Then there is the company that wants to build out a training function from scratch.  Brand new initiative and even those closest to the approval phase are not really in touch with why the company needs training.  They try to latch on to safe bets like, “it is to improve retention efforts”  or my personal favorite, “what do you mean, shouldn’t we have training?”

While training has some common reasons for existing, management should not be struggling with a reason they have or want a training function, unless it really is a brand new concept.

Recently I met with two organizations that want to build out a training function.  The first had already begun, but were running into a lot of issues with having the right people implementing training.  Yet they had learning as a core value and could really articulate why this function needed to get things done and how their work impacted the organization.  I mean, this management team was solid on the value and purpose of training.

The second organization wants training, but from the job they see ahead of them, has no real understanding of the purpose of training.   Digging a little deeper, I realized that the management team has never worked for a company that had a training function, so their personal careers have never intersected with corporate sponsored learning.  They struggle because they simply have no experience to draw on for a purpose.  They want training because outgoing employees are asking for it.  Maybe a weak reason to begin this process, but at least it is a start.

My point is that before training can be built, and before it can be implemented, management needs to be able to articulate and sell the reasons their company needs this function.  It is also the responsibility of the training leader in both organizations to guide these discussions so that a solid purpose statement can be defined.  For more information on the purpose of training, check out The Training Physical at an online bookstore or our website.

Zero Skill Deficiencies?

no trainingI discovered another company this week that does not see the need to train staff.  There is no training department, and Human Resources have been told by the CEO that there is no need to focus on training.  As it turns out, the CEO and I are connected in LinkedIn, so I sent her an email and asked:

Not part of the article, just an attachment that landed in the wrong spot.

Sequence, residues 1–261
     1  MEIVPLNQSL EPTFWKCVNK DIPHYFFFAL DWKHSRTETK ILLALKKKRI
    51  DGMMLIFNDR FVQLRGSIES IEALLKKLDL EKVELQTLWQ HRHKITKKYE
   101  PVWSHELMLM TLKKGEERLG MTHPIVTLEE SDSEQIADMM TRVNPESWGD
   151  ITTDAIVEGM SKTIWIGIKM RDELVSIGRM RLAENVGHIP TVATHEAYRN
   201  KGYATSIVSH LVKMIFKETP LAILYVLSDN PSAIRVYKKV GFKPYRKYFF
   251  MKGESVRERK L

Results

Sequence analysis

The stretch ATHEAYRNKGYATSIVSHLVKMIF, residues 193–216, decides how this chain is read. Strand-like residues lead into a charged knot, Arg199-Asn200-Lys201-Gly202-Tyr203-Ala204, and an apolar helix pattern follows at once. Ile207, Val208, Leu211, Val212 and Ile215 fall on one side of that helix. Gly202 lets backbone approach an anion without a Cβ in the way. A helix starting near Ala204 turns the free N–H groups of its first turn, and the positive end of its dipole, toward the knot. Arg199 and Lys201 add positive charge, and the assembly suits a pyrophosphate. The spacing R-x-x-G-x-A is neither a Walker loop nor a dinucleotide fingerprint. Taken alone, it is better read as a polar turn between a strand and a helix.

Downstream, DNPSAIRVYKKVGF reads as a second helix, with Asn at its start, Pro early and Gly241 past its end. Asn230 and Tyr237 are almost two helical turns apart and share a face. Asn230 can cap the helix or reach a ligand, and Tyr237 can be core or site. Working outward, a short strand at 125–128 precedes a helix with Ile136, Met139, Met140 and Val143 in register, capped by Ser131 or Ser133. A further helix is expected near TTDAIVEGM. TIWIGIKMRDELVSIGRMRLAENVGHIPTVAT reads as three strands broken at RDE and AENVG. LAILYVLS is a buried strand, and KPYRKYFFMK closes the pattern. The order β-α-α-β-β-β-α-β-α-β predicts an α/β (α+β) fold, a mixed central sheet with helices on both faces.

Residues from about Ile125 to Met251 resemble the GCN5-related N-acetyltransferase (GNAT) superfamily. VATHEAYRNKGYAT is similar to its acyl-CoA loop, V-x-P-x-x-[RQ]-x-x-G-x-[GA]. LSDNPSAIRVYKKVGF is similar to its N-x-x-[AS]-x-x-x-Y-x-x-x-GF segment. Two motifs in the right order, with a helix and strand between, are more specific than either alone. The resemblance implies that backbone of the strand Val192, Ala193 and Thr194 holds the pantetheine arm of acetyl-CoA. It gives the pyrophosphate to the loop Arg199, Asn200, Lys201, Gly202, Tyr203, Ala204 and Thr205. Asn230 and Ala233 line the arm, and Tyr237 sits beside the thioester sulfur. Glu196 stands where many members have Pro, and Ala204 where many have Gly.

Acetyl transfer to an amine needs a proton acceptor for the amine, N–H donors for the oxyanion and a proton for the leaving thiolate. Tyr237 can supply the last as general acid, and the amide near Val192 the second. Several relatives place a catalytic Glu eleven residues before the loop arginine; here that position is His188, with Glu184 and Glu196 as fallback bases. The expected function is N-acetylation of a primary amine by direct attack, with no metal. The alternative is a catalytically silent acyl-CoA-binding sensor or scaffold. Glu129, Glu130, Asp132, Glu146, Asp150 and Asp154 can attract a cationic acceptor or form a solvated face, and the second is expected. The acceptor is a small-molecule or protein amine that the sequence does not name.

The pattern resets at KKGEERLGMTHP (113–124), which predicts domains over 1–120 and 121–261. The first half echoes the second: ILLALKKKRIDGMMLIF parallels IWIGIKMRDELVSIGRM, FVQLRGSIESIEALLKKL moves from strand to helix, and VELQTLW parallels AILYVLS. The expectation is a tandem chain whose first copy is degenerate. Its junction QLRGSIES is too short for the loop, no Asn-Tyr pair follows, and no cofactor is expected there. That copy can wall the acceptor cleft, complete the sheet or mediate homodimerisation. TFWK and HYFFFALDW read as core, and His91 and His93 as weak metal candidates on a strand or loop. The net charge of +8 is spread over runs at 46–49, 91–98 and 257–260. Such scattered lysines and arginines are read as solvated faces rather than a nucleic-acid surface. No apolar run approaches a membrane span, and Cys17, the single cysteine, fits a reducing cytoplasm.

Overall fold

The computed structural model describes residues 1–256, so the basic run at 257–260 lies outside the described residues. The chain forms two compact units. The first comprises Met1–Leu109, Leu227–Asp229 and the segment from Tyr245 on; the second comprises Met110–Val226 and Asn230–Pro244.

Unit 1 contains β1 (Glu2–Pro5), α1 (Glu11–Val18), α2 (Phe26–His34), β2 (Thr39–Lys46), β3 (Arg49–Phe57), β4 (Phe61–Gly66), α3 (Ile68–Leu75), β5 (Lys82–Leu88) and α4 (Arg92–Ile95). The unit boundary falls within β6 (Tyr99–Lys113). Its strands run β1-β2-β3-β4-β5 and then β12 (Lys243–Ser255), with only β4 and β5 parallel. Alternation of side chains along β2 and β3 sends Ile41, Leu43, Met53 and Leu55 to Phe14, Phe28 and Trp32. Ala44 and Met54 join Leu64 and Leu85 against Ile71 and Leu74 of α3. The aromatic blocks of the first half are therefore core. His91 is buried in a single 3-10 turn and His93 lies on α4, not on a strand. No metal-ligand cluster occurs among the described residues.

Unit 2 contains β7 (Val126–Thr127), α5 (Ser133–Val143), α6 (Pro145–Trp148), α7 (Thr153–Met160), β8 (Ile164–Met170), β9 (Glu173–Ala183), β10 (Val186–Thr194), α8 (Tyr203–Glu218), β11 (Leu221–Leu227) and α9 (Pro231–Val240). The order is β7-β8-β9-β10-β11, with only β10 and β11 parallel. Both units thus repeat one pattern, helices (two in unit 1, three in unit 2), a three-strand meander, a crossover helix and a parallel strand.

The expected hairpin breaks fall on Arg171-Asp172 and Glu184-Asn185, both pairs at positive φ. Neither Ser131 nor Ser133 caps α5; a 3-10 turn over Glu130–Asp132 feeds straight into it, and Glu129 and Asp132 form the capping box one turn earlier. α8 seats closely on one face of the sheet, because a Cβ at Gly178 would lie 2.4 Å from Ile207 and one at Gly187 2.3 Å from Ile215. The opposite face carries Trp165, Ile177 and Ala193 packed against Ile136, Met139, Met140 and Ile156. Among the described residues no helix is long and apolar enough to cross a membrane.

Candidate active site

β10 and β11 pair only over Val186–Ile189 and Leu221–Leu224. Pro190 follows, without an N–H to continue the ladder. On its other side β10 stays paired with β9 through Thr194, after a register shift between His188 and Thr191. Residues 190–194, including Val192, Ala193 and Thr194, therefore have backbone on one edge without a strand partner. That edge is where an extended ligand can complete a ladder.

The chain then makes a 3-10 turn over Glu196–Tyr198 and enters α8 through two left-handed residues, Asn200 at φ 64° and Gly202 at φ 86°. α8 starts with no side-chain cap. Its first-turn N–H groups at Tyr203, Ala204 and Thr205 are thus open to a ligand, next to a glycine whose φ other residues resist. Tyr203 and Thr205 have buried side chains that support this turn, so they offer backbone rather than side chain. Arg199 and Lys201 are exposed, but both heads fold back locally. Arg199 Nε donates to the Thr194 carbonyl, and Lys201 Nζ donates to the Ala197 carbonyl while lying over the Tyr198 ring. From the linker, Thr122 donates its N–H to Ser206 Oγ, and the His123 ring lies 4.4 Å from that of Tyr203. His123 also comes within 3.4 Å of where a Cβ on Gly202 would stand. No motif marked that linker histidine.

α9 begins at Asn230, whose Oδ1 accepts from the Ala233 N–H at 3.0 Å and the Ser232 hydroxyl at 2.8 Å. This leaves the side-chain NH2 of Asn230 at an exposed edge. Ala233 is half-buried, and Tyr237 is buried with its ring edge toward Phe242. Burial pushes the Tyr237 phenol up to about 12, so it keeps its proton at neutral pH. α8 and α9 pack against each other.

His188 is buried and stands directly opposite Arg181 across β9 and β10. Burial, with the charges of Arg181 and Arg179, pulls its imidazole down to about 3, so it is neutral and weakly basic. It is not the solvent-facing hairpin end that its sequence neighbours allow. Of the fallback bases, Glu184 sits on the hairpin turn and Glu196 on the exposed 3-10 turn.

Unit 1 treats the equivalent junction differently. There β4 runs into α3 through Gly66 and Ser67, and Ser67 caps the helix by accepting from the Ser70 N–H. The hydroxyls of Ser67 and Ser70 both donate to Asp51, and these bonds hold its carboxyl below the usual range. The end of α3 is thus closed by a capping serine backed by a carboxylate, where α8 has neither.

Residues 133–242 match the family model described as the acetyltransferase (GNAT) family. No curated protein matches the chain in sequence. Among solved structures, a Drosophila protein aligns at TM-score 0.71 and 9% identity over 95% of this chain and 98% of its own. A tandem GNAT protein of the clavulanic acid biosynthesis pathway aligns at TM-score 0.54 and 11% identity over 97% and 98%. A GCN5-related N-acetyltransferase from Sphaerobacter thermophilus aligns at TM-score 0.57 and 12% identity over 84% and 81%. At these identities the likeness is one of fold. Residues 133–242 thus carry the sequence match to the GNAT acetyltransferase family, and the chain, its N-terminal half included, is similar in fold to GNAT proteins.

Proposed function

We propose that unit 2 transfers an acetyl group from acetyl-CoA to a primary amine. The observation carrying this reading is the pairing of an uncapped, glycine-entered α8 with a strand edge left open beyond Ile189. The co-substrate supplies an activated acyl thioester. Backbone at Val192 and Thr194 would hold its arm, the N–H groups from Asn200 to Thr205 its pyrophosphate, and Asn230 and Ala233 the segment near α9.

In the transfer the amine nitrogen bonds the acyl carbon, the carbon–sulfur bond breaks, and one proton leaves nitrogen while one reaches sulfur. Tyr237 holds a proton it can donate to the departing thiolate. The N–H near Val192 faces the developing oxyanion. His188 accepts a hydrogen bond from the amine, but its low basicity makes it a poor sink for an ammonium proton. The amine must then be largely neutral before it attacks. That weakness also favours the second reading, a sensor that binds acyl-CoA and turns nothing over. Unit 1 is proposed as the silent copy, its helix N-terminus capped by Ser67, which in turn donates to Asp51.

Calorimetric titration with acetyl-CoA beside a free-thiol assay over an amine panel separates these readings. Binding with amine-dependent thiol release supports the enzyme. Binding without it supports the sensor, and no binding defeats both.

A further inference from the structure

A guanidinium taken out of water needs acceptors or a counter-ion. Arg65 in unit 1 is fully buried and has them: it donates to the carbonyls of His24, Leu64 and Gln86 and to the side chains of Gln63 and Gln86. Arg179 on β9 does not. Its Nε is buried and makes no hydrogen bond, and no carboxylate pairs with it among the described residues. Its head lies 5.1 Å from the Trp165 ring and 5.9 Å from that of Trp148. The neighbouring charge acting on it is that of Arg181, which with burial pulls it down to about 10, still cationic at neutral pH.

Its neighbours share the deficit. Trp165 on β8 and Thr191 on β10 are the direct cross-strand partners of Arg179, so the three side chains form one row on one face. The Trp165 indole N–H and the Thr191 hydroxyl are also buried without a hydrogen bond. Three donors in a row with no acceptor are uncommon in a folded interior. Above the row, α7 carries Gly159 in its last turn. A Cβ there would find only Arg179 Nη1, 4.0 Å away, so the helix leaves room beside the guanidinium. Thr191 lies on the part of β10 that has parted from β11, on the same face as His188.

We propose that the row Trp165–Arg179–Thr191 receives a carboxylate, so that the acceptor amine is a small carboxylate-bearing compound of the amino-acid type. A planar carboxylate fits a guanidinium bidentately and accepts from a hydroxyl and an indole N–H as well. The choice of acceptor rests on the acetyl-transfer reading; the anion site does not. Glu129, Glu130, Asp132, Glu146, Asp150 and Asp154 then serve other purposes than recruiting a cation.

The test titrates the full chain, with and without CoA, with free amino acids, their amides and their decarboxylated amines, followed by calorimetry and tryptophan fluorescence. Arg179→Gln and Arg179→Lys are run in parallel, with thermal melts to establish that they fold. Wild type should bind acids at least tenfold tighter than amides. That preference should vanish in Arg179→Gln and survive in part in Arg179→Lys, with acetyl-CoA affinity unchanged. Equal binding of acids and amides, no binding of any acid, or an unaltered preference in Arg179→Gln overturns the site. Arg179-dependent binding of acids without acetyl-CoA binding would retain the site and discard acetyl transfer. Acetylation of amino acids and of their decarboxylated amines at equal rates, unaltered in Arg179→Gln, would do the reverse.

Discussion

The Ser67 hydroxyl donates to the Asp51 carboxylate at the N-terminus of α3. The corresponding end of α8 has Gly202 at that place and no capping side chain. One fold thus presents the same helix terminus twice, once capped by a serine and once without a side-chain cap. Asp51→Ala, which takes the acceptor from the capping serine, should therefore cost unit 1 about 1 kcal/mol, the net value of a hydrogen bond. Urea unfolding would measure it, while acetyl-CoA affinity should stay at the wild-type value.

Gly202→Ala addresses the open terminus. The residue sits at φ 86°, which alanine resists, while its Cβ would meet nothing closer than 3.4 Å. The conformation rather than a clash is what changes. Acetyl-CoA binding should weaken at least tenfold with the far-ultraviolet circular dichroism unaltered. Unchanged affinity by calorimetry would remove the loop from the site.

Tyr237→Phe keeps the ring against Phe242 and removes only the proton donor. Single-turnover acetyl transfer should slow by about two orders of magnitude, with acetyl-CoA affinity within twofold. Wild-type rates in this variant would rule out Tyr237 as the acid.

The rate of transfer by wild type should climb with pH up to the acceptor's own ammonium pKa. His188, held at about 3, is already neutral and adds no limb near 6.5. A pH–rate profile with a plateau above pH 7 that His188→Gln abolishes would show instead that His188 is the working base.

What are your employee skill deficiencies?

Much to my surprise she responded with an honest answer, that she didn’t know off-hand, and wanted to know the purpose of my question.

So I continued the email conversation with an appreciation for her honesty, and that I had heard that training was not on the agenda anymore.  In my mind this means there are zero skill deficiencies, and I was excited to hear how this company had pulled this off.  In 25 plus years I had not found a single company that had perfectly aligned skill sets and was eager to learn how their process could be duplicated.

Well, as you can imagine, there was a pause.  In fact for over a week, and just when I was about to follow-up, she replied and told me that in fact there were quite a few skill deficiencies, many common ones, and that it may be the reason certain projects and objectives may not be getting accomplished.  Dumbstruck once again with her honesty, I asked her if she wants to change this situation.  I’m currently waiting on her response.

You see, not training employees was going to be the way forward, until someone bothered to question that decision.  Yes, HR should have done it, but she was uncomfortable doing it so I did it for her.  If we are going to serve the companies we work for than we need to do our jobs well.  And at times that means questioning a decision, process or in this case a missing component for employees to perform well.

I will admit that this CEO is an open-minded leader, and you may not be working with that kind of mindset currently.  If you need help communicating your concerns to senior management, let’s brain-storm on the phone and come up with a strategy.  It may or may not work, but never walk away from a bad processes because you fear trying.